Therapists not personally liable for debts of bankrupt sports medicine clinic
A creditor who sees the owners of a bankrupt company start up a new profitably-looking business while walking away from the prior company’s debts may understandably feel that they have been wronged. Whether the bankrupt business had any value as a going concern is one of the many issues that a trustee in bankruptcy may consider, along with the potential for personal liability of the owners or other parties for the bankrupt company’s debts. If the trustee declines to pursue any claims for recovery on behalf of the bankrupt company, a creditor may seek leave to do so.
Proof of wrongdoing, however, requires cogent evidence that establishes more than mere suspicions.
In the case of 1100 Walkers Line Inc. v. The Elliott Sports, 2022 ONSC 6291 (CanLII), Elliott Sports Medicine Clinic Inc. operated as a sports medicine clinic owned by two therapists. Before the COVID-19 pandemic, there were three doctors who worked through the clinic who were a major source of referrals to the clinic’s therapists.
When the COVID-19 pandemic hit in March 2020, the clinic advised its landlord that it had lost its ability to earn revenue because the regulators of the various health professions required it to close. The doctors left as well.
In June 2020, the landlord advised the clinic that the lease had been renewed for a further five-year term that had commenced in April. In response, the clinic took the position that it had not renewed the lease and that the lease would terminate on October 4, 2020.
On the same day that they heard from the landlord about the lease renewal, the two therapists incorporated a new company. In late September 2020, the clinic moved to new premises, still using the name Elliott Sports.
The landlord sued the clinic for breach of the lease and obtained summary judgment for damages of more than $850,000. After the judgment was rendered, the clinic made an assignment in bankruptcy. The landlord was by far the largest creditor.
The landlord discovered that the signs at Elliott Sports’ new premises had been changed to Energy Sports Medicine and Wellness Centre, although the logo mimicked the logo previously used by Elliott Sports. While the Elliott Sports website did not expressly send customers to Energy Sports, a search of the practitioners’ names did so. Energy Sports appeared to have rather seamlessly assumed the business of Elliott Sports.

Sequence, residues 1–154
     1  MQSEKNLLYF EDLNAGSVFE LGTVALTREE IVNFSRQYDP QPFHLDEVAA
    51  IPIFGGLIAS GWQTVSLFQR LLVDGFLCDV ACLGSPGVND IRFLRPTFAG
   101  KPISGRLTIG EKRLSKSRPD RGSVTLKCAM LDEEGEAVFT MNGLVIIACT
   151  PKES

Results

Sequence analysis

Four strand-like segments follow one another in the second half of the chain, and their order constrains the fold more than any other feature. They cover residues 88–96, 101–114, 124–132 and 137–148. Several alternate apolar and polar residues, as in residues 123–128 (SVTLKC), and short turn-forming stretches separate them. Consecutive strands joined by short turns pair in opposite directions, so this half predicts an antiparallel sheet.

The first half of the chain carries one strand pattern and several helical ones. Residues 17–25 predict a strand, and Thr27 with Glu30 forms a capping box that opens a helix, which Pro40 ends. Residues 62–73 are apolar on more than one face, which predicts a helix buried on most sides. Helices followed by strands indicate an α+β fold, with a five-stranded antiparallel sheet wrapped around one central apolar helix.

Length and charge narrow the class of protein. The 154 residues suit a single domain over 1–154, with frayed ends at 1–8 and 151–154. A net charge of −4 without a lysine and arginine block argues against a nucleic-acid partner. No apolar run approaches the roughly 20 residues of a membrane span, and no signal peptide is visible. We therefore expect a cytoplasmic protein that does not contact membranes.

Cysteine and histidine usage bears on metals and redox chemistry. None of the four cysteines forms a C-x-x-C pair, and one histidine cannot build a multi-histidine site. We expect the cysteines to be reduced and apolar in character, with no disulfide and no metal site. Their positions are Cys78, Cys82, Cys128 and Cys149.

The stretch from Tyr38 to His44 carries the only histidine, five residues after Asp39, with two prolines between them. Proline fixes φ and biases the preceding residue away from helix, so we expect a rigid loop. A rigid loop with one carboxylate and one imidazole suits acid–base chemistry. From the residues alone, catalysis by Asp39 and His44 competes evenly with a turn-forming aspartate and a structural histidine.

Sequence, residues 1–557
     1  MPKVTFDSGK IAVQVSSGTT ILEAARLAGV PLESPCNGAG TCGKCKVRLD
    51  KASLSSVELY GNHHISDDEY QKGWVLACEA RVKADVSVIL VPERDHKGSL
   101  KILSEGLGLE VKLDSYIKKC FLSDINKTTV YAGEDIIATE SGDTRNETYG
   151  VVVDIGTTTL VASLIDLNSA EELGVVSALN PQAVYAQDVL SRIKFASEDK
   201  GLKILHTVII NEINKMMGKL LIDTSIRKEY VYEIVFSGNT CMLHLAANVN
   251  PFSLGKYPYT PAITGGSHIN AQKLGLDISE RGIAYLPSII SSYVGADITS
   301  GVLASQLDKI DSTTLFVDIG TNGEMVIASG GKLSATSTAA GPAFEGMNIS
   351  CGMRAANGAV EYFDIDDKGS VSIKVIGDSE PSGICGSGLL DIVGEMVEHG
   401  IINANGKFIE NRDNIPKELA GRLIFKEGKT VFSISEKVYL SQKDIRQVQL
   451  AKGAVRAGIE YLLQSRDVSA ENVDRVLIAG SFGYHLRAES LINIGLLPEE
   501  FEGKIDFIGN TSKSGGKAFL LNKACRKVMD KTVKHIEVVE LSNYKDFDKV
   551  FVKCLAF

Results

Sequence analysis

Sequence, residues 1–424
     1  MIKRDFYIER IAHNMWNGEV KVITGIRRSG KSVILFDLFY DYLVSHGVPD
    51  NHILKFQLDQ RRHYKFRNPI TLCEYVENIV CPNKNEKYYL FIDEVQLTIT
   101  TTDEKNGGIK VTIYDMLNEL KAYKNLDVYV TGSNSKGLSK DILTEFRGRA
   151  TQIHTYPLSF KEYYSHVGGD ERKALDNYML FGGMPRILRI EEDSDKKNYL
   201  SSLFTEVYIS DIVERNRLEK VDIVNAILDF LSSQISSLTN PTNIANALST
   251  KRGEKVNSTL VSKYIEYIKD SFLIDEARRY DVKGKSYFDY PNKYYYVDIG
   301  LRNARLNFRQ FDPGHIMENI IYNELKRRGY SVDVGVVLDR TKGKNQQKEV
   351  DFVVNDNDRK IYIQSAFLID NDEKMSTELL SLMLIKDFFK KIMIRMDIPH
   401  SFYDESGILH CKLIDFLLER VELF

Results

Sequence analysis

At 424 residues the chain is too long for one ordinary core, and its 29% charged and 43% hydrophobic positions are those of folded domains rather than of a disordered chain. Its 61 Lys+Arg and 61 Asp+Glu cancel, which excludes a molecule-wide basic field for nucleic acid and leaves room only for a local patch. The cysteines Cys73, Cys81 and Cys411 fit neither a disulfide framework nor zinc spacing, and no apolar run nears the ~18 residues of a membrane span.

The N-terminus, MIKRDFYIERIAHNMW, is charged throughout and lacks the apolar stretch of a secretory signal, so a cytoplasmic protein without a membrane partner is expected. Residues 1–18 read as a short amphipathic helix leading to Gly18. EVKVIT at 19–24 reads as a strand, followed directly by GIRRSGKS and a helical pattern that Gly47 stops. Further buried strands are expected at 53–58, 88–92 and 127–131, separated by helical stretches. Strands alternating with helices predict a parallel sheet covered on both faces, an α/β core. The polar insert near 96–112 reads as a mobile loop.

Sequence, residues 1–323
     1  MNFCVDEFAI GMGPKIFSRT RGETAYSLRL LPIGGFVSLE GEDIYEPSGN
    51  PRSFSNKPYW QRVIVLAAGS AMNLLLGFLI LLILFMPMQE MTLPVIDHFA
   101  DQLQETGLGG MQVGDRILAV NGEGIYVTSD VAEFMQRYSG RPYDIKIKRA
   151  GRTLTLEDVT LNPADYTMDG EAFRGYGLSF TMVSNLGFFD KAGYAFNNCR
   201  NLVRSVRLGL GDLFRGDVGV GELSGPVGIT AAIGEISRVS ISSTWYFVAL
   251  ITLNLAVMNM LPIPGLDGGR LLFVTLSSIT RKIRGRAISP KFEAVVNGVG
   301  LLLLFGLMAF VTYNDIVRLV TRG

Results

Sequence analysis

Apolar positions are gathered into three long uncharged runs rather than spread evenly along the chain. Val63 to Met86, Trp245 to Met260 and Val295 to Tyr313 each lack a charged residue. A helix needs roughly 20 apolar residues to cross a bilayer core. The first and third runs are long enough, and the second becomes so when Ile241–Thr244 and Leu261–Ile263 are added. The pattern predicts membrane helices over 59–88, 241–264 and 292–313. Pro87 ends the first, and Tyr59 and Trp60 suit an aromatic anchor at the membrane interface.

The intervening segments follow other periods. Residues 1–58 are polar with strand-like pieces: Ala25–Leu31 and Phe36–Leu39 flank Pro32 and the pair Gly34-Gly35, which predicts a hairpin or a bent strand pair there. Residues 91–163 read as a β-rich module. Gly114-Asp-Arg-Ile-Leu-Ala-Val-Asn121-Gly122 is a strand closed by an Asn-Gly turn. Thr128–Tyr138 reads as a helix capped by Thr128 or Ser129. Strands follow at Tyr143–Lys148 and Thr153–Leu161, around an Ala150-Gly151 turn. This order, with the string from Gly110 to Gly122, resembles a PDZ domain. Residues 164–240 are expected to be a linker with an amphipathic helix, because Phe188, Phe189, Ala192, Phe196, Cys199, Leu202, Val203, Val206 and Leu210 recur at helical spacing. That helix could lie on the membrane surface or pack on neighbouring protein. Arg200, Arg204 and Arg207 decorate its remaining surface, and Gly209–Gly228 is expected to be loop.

As a result of these developments, the landlord sought to pursue various claims against the individual therapists and their new business under the oppression remedy in sections 245 and 248 of the Business Corporations Act, R.S.O. 1990, c. B.16, and additional relief under the Fraudulent Conveyances Act, R.S.O. 1990, c. F.29, the Assignments and Preferences Act, R.S.O. 1990, c. A.33, and section 96 of the Bankruptcy and Insolvency Act, R.S.C. 1985, c. B.3 (the “BIA”).
The landlord argued that the respondent therapists had used their positions as directors and shareholders of Elliott Sports to flip the assets of the bankrupt company to the new business that they owned and managed. The landlord argued that the new business was operating out of the same location as the bankrupt and did not pay fair market value for the business, which amounted to fraud on the creditors of the bankrupt estate, oppression, and/or a fraudulent conveyance.
A creditor who believes that a proceeding should be brought against another party for the benefit of a bankrupt’s estate may seek to do so at its own risk and expense under section 38 of the BIA. The creditor must first ask the trustee to pursue the proceeding, but if the trustee declines, then the creditor may then seek leave of the court to do so.
Although the landlord obtained the order to pursue the claims, the court determined that there was insufficient evidence of any actionable wrongdoing by the respondents. The court found that there was no evidence that the business of Elliott Sports had any realizable value as a going concern on the date of bankruptcy or in the days leading thereto when Energy Sports was organized. Rather, Elliott Sports was “hopelessly insolvent”.